Metabolic bone disease is not just one disease, but rather a general term for a collection of medical disorders that affect the bones:
- Nutritional Secondary Hyperparathyroidism (NSHP, most common)
- Renal Secondary Hyperparathyroidism (RSHP)
- Hypertrophic Osteopathy (HO)
MBD is a highly-preventable disease of neglect, and it is not typically seen in wild reptiles. A properly-kept ocellated skink should never develop MBD.
- muscle twitching/tremors
- swollen/bumpy limbs
- curved limbs
- difficulty walking
- cloacal prolapse
- not enough UVB
- low basking temperature
- calcium deficiency
- vitamin D deficiency
- vitamin D overdose
- imbalanced nutrition
If you suspect that your ocellated skink has MBD, schedule an appointment with an experienced reptile vet immediately. Early-stage MBD is much easier to treat and has fewer permanent consequences than later on.
UVB is a requirement for ocellated skinks. Strong, high-quality UVB can help a sick skink heal by prompting vitamin D3 synthesis. Visit the Lighting page of this guide for UVB lighting recommendations. If you already have a UVB bulb installed, it may be a bad brand or too old. The bulbs that ReptiFiles recommends should be replaced every 12 months.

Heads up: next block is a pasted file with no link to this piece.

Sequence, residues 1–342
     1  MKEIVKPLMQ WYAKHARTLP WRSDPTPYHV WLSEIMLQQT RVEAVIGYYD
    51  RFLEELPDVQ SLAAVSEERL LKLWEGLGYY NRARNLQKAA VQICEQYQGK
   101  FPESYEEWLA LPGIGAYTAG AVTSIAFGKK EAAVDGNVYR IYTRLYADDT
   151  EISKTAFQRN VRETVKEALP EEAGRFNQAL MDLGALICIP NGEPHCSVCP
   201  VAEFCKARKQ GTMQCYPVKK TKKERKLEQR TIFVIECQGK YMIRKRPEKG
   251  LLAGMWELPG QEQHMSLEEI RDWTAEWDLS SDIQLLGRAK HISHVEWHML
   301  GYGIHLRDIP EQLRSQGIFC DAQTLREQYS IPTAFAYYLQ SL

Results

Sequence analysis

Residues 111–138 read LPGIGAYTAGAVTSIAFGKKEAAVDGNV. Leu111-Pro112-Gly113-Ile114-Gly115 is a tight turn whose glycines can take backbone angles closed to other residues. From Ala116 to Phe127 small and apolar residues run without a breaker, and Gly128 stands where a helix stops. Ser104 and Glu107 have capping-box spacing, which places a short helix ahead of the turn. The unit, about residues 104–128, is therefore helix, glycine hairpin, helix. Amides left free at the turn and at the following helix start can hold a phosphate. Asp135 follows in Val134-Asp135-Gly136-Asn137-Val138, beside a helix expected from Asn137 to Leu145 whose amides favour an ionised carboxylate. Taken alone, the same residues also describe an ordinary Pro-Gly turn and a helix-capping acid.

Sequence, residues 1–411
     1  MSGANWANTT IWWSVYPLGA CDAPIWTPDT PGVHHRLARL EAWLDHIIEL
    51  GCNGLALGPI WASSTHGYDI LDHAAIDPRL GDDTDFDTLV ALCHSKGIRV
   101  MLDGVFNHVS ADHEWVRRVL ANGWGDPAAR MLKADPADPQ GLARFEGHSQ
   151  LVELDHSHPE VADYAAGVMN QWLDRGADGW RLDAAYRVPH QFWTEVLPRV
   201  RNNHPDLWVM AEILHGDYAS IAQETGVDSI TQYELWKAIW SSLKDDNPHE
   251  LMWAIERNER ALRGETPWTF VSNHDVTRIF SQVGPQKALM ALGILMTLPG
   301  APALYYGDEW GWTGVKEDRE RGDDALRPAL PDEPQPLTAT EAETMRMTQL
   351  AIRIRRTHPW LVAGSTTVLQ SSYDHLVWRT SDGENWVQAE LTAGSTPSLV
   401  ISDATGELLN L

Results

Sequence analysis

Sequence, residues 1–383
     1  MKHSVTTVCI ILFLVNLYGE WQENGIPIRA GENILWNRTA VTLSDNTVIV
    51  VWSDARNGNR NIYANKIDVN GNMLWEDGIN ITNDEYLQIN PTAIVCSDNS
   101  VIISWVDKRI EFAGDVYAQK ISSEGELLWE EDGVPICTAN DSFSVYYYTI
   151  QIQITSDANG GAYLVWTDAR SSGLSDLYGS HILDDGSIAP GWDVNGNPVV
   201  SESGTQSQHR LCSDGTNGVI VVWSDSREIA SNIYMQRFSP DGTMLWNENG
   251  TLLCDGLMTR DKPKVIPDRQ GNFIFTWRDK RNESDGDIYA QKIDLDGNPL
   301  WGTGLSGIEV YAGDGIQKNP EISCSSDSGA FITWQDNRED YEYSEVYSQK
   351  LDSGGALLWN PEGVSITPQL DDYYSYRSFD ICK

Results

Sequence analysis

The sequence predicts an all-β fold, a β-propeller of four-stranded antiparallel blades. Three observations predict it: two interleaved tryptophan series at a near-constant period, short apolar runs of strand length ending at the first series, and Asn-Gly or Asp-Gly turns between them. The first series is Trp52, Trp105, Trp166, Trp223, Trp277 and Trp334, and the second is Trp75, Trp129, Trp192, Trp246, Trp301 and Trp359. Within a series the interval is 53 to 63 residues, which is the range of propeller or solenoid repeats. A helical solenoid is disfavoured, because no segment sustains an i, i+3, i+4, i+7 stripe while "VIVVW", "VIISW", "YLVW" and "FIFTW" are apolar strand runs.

Make sure to double-check your skink’s basking temperatures as well. Heat and UVB are both needed for a reptile’s body to synthesize vitamin D properly. Use a temperature gun to check the basking surface temperature. If it reads below 100°F (38°C), then your basking temperature is too cool and you need a hotter (higher wattage) heat bulb.
Further treatment will be prescribed by your vet. Exact treatment may vary based on what form of MBD your skink has and how far it has progressed.